Corneal ulcers then occur when the outer corneal surface develops a sore or an opening usually brought about by an infection.

Corneal Ulcer Symptoms

The typical symptoms of a corneal ulcer include the following:

  • Redness
  • Pain sensation that increases upon exposure to bright lights
  • Watery eyes
  • Pus formation and draining
  • Blurred vision and the sensation that something is in the eye
  • Swollen eyelids
  • Formation of white patch on the cornea, which is very visible in large corneal ulcers

Causes of Corneal Ulcer

The common cause of corneal ulcer is an infection.

  • Bacterial infection as a cause of corneal ulcer is common in individuals who wear contact lenses.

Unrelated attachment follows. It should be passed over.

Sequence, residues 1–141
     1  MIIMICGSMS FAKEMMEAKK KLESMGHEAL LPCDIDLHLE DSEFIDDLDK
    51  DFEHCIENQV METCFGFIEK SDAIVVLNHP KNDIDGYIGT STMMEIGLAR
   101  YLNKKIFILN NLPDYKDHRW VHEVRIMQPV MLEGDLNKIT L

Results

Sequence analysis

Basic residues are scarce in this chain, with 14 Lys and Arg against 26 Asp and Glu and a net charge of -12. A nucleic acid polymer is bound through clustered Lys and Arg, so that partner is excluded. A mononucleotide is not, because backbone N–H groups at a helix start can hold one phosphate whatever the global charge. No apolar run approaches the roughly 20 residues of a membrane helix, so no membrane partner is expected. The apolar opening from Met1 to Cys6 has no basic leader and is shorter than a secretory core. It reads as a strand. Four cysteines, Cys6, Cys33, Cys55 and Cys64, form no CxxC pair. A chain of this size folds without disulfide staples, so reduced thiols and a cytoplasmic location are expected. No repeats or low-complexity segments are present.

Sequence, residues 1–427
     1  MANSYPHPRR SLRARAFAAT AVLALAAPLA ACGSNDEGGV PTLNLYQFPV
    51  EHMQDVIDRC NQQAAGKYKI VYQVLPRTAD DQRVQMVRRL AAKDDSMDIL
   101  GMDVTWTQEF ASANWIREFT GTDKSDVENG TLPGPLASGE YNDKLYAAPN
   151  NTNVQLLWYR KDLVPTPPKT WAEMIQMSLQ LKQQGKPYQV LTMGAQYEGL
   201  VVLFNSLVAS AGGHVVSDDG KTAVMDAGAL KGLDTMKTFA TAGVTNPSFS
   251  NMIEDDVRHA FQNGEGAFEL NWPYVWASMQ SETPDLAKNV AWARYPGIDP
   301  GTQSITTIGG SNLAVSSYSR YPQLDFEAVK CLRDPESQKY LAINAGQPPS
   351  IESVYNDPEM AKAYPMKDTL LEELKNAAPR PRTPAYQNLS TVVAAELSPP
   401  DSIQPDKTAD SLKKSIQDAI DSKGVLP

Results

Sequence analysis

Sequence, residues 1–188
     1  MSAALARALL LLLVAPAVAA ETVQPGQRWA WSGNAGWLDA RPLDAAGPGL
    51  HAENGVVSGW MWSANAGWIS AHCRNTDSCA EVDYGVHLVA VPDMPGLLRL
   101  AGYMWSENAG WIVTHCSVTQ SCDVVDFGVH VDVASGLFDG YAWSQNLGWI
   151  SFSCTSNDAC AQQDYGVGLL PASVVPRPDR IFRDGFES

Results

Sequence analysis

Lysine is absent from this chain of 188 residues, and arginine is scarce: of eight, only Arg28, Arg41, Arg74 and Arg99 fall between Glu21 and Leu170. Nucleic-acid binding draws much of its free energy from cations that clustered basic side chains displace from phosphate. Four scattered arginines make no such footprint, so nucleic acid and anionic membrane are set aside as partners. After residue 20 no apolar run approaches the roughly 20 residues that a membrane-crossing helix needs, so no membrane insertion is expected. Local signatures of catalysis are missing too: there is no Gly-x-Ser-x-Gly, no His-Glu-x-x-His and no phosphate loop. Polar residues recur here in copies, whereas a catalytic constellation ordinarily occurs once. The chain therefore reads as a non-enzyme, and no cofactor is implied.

• Both the herpes simplex virus and the varicella virus may also cause corneal ulcers.
  • Overuse of eye drops containing steroids may promote the development of fungal infection.
  1. Injury to the cornea or minor tears can damage the outer corneal surfaces. Once damaged, it will allow entry of bacteria and other organisms and cause the infection.
  2. Diseases that may lead to dry eyes can also lead to ulcers. Without the normal production of tears or water in the eyes, there would not be enough germ-fighting protection that tears can provide.
  3. In Bell’s palsy, it damages the facial nerve or the cranial nerve 7, which is responsible for the closure of the eyelids. Since the facial nerve is affected, there wouldn’t be enough innervations to the muscles that close the eyes. If the eyelids are open, the cornea is subject to the cold air in the environment that easily dries the eye. This situation would lead to the vulnerability of the cornea to develop ulcers.